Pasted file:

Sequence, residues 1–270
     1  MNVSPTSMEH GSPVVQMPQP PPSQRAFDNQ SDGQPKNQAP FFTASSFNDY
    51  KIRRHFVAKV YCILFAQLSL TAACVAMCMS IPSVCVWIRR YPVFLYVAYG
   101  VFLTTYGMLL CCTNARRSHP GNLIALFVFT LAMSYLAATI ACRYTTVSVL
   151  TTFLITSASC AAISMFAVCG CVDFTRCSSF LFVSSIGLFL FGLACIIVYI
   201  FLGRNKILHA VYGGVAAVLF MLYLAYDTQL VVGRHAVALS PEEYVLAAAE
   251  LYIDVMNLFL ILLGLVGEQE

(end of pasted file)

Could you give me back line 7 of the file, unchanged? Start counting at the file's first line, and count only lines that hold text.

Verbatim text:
   251  LYIDVMNLFL ILLGLVGEQE